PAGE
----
There are a few solitary moments before bed. Reading in bed is the best. There is peace, quiet, warm blankets, pillows—and one page later I am asleep. It is very hard to finish a book by reading one page a day.
So, thank you very much, blogging time, for taking me away from the 10 minutes of focus I will have to finish “Chapter 10, Listening to Casper: A psychoacoustics expert sets up camp in England’s haunted spots.” It promises to be very enlightening, and turn out exactly as one would predict a psychoacoustic analysis to be  . . . I can only hope that it is as thrilling as the chapter about ectoplasm, and the mediums of the early 1920s (in which mediums stuff cheese cloth into any feasible, or unfeasible, bodily orifice to pull out during the key moment of a séance, proclaiming it was coming from the spirit world). I love this book way too much. I hope I finish it someday.

Tuesday, April 5, 2011

Dropping F-Bombs in Front of Her Grandmas

You know that sound that Marge Simpson makes? Her trademark groaning noise; the grumble from deep within her soul that passively voices her frustration and discontent without actually having a psychotic break. I've recently learned this is a motherly sound. If you don’t know the sound I am talking about, you are welcome to come over to my house, I have just become aware of myself making this pitiful angry animal growl. Mine might be worse than the Marge Simpson noise, I'm not sure. But, I promise that it was always subconscious. In fact, the only reason I noticed it as a habit was because my daughter, in her 5 year old frustrations, now makes this noise as if it were normal.  I asked my husband the other day if he noticed the groan. He looked at me and said, “Yeah, you do groan a lot.” So now, every time I hear the rumble coming out of me I have check myself--if only I could stop being provoked.  The situation could be worse. Thing One could be dropping F-bombs in front of her grandmas, but I still find the groaning sound so annoying. And even more troubling that she picked up the habit from me.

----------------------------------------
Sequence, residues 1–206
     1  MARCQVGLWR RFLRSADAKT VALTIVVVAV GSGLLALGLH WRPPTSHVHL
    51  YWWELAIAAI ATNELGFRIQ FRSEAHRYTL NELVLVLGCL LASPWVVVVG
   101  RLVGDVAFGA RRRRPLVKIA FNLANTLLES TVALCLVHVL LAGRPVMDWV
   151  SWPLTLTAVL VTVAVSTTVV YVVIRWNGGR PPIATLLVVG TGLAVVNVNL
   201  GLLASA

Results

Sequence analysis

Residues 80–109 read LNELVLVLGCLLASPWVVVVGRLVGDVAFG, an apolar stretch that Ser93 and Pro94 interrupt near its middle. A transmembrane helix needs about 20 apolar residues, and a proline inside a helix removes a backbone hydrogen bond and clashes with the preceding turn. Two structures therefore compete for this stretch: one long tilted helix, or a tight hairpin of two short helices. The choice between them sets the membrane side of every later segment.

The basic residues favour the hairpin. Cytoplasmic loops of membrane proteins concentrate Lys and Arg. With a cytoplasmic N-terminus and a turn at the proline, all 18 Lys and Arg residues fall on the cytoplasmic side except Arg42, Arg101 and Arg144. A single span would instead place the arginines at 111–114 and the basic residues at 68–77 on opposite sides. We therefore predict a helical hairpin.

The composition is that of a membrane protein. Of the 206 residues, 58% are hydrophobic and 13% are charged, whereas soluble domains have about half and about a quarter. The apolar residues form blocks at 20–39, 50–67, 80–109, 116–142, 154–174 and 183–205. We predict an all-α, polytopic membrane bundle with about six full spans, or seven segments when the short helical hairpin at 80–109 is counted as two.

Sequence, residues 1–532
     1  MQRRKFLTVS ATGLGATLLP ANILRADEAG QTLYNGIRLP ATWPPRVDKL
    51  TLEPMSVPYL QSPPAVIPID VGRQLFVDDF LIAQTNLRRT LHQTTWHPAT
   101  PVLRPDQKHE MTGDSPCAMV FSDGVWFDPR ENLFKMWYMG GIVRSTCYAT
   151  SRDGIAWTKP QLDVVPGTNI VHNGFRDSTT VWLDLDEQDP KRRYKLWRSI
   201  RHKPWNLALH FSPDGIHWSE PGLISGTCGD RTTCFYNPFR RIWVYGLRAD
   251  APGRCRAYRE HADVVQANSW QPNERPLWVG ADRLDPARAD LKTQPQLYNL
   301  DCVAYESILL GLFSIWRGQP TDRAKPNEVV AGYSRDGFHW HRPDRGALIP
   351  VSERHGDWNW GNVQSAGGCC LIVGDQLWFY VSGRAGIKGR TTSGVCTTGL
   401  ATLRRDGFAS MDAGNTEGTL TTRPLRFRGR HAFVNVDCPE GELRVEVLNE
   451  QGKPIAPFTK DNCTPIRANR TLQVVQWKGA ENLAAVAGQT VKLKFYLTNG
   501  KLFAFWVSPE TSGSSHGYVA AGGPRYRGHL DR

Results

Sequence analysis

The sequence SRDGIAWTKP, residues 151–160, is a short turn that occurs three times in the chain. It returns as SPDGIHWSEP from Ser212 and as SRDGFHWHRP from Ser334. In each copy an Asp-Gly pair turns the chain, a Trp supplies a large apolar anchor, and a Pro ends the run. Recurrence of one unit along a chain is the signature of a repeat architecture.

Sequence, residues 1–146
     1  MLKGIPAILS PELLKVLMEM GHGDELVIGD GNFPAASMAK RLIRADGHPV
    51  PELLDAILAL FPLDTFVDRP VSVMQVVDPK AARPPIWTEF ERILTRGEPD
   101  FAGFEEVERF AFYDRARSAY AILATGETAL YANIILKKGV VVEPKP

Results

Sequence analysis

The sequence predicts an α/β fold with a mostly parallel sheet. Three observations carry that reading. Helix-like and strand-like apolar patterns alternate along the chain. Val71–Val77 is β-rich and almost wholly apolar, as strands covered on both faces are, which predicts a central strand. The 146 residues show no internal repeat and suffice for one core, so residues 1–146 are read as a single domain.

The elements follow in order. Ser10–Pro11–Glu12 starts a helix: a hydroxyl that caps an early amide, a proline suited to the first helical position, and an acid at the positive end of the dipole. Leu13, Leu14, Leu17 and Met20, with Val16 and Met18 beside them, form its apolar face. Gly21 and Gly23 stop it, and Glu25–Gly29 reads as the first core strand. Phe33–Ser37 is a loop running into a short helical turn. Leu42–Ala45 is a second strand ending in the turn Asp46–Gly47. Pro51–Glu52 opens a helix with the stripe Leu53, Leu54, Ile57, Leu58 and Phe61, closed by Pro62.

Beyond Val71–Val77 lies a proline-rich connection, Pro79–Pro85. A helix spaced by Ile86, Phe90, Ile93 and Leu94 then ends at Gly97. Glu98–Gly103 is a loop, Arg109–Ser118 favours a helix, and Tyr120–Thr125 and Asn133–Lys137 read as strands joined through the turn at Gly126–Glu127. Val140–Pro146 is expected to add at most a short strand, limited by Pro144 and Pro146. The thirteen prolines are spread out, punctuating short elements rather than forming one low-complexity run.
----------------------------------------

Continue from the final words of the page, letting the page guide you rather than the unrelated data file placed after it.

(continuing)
I suppose this is an appropriate segue into talking about how we all become our mothers eventually, like it or not. I’m really lucky. My mom is a really sweet, wonderful, kind human being who never swears and is a great listener. I’ll be the last to know if these traits ever show up in me, but what I have seen lately is how we both talk to my kids. There have been many occasions when my mom, my two kids, and me are sitting at the dinner table. One kid will wander off, pick up food off the floor, pick his nose—and my mom and I will give the same reprimand at the same time. “No, no! Don’t give your dinner to the dogs!” or “Icky, icky, yuck, don’t eat that it’s dirty.” It’s like parenting in stereo. I’m pretty lucky that when I leave my kids with their grandma I know things will be consistent, if not a slightly better version.
I wonder if it is fair for me to consciously change my actions in order to determine how my kids will be as adults (as if that were possible). What if I start to do strange things, like barking every time I see a dog; or what if I start cutting all sandwiches into thirds just so they will be totally weird when they start taking lunch to school?
What if I changed the way I laugh? That would mess with everyone.

Monday, April 4, 2011

It Totally Doesn't Rain that Much in Seattle, Except for Today

The Killing on AMC premiered last night. I didn’t watch it. I went to bed early because I was beat from waiting tables at brunch, going to the park, and generally being needed by everyone all weekend. My husband, however, came to bed around 1 am telling me about the most amazing show he had just watched. He started in the middle and was so intrigued he had to stay up for the encore so he could see the beginning. I sort of heard everything he said, and I may have replied something incoherent, as I tend to do when we see each other between 11 and 2 in the morning.